13 Introduction 3.2. Terms and definitions: Smart Grid In order to establish a common basis for discussion of the standardization environment of Smart Grids, the term Smart Grid is defined in this section. The definition used in the DKE SMART.GRID [DKESG] mirror committee to IEC SMB/SG 3 Smart Grid 4 is to serve as the basis here: The term Smart Grid (an intelligent energy supply system) comprises the networking and control of intelligent generators, storage facilities, loads and network operating equipment in power transmission and distribution networks with the aid of Information and Communication Technologies (ICT). The objective is to ensure sustainable and environmentally sound power supply by means of trans parent, energy- and cost-efficient, safe and reliable system operation. There is no single type of Smart Grid, not even in an interconnected network grid such as the UCTE network 5. The different power generation structures in Europe, resulting from natural resources and also from regulation, lead to differ - ent requirements for the Smart Grid in the individual countries. In addition, the consumer structures have different characteristics, for instance in terms of energy prices, urban population density or habits in electricity use. This has direct effects on the fundamental aspect of the Smart Grid, namely the coordinated balance between power generation and consumption, and thus also on the Smart Grid landscape to be standardized. A definition of the term Smart Grid therefore encompasses properties which can apply to all Smart Grids. Central aspects in the present international and German definitions are as follows: The integration of more and more volatile generation with a simultaneously rising proportion of distributed generators and storage facilities, and a flexibilization of consumption. Smart Grid is a holistic, intelligent energy supply system, not just an intelligent network. It comprises the operation of active power distribution and power transmission networks with new, ICT-based technologies for network automation, and the incorporation of centralized and distributed power generation and storage facilities reaching right up to consumers, so as to achieve better networking and control of the system as a whole. The aim is the efficient supply of sustainable, economical and safe electricity, even under the changed boundary conditions of the future. A Smart Grid is based on an existing infrastructure. A transition process is envisaged to a new overall system which will provide greater opportunities for active and flexible adaptation of generation, network management, storage and consumption to the cons tantly changing requirements of the energy markets. The Smart Grid facilitates new, distributed and decentralized network management technologies for automation in the active distribution network. Involvement of the customers in their role as consumers and possibly producers (prosumers 6 ) in a smart building, smart home or with an electric vehicle with intelligent charg - ing management, communicating bidirectionally with the utility as an active participant in the energy sys- 4 IEC International Electrotechnical Commission Standardization Management Board (SMB) Strategic Group (SG) 3 5 UCTE Union for the Coordination of the Transmission of Electricity, the European interconnected network grid, integrated since July 2009 in ENTSO-E (European Network of Transmission System Operators) 6 The term prosumer denotes a combination of electricity consumer and electricity producer, i.e. mostly households which not only consume power but also feed power into the grid, for instance with equipment subsidized under the provisions of the Renewable Energies Act 13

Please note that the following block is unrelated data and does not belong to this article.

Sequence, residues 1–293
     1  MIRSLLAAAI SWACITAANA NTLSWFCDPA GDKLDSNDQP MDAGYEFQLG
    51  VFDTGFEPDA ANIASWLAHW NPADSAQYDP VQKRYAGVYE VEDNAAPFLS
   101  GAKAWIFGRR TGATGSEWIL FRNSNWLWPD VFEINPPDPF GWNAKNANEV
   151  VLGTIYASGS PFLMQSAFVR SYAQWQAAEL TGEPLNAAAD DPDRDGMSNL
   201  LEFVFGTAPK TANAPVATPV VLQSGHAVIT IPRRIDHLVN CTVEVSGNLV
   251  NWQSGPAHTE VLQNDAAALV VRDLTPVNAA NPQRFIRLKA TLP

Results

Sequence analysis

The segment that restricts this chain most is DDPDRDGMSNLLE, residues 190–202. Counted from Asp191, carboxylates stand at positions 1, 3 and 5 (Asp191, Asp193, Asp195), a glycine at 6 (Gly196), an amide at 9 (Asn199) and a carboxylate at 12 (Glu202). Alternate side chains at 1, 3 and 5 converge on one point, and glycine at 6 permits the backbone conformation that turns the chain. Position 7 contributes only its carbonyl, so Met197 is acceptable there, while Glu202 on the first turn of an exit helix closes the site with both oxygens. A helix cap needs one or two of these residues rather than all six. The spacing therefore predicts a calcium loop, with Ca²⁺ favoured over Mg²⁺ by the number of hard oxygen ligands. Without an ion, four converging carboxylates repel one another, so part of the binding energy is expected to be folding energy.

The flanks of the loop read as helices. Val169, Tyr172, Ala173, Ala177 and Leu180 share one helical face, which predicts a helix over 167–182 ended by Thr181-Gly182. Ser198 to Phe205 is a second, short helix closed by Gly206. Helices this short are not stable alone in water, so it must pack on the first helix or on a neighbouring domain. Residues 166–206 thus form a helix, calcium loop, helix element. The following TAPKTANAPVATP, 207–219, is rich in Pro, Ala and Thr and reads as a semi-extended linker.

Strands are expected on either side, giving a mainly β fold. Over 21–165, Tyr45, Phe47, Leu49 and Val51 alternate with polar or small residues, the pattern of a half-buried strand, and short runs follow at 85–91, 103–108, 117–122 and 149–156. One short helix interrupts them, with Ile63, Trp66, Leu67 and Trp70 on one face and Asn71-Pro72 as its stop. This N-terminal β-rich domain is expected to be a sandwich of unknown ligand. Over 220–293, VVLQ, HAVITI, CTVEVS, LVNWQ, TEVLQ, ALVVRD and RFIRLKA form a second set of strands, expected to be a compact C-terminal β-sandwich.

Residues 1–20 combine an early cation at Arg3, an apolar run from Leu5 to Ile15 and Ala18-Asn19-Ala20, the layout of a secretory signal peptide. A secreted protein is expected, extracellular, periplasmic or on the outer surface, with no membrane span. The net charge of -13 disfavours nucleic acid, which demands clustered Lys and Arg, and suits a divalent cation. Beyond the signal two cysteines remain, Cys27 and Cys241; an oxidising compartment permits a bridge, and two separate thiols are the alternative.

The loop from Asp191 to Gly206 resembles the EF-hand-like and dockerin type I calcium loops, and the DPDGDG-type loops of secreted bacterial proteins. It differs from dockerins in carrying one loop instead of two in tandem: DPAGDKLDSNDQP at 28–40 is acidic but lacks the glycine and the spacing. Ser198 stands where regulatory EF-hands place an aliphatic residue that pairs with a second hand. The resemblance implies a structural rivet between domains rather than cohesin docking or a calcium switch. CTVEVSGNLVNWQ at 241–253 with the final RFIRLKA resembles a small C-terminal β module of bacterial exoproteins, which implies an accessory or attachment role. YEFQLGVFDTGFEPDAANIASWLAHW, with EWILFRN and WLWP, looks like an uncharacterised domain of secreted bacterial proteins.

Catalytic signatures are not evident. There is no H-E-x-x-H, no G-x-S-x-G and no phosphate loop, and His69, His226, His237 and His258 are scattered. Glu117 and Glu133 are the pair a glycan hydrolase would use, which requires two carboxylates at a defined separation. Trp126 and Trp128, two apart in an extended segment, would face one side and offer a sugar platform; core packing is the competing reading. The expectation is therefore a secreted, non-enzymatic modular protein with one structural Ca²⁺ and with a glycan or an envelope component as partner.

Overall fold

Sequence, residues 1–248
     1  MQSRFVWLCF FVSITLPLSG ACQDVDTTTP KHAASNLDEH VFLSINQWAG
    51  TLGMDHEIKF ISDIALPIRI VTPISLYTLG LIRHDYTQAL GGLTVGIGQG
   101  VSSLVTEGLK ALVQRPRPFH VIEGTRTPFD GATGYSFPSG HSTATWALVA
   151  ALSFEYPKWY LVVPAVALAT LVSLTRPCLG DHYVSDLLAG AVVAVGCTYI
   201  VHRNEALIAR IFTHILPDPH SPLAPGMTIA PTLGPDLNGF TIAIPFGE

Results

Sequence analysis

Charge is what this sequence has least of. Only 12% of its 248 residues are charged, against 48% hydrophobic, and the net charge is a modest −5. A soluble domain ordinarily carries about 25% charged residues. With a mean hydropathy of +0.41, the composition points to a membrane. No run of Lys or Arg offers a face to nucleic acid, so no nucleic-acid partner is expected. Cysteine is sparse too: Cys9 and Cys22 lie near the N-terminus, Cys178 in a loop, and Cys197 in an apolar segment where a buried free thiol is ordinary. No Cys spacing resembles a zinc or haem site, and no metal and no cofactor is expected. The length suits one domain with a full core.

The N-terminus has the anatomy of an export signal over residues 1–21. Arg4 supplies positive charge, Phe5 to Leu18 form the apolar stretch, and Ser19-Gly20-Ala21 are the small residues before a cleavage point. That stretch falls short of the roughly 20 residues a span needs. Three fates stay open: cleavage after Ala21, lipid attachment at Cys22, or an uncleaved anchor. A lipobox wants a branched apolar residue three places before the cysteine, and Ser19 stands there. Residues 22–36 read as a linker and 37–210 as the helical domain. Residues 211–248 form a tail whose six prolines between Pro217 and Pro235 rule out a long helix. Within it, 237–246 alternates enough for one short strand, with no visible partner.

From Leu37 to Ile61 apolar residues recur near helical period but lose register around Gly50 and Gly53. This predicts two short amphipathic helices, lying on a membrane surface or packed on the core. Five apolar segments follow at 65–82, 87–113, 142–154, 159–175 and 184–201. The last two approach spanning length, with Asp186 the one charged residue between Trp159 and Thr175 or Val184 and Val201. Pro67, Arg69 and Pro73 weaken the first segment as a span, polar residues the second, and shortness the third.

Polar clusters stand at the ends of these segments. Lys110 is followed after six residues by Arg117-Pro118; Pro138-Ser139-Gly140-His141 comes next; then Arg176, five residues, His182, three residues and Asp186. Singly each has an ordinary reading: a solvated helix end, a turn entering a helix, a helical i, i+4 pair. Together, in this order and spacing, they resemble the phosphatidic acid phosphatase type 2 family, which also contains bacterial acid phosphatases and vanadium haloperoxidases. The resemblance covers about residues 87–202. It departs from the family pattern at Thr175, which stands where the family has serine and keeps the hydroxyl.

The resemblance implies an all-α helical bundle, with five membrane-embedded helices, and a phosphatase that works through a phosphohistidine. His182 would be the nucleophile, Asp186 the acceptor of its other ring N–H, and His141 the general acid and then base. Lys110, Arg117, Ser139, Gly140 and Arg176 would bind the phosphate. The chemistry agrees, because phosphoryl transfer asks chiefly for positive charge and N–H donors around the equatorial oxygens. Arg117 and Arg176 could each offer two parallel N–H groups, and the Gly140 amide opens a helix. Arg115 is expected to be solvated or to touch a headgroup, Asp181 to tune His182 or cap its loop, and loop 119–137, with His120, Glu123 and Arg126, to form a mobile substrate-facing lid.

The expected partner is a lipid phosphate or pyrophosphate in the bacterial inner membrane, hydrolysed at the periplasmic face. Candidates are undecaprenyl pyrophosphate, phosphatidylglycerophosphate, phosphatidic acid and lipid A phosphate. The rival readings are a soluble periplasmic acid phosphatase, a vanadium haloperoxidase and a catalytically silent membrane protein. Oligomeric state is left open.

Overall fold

14 tem by means of communications technologies (e.g. via smart meter technologies or active distribution networks), receiving higher resolution information on their consumption than previously, making decentralized decisions on the basis of external incentives in support of a stable overall energy system, or allowing themselves to be guided directly or indirectly by external market partners of the energy system, and wishing to lend active support to objectives of environmental policy such as the 20/20/20 targets. In this way, this networked energy management becomes a further driving force behind the use of building automation especially in existing buildings. Energy management systems have been in use for several years now, for building or industrial automation in the more professional environment. The new approaches increase the number and expand the functionality of the previous schemes by involving private households and commerce, and also with regard to increased communication between energy suppliers (network system operators, retailers and meter operators) and the customers. Intelligent use of new equipment such as electronic meters, energy management systems, energy management gateways, consumer electronics, electric vehicles, thermal storage facilities (e.g. refrigeration systems, heat pumps and combined heat and power systems with heat storage facilities) and interoperable incorporation of these components in the grid. Smart Generation Smart Distribution and Transmission Smart Grid Communication between System Components Smart Consumption Smart Storage Interdisciplinary technologies: Data collection, processing and recombination Market Grid Operation Figure 2: Action matrix of the Smart Grids 14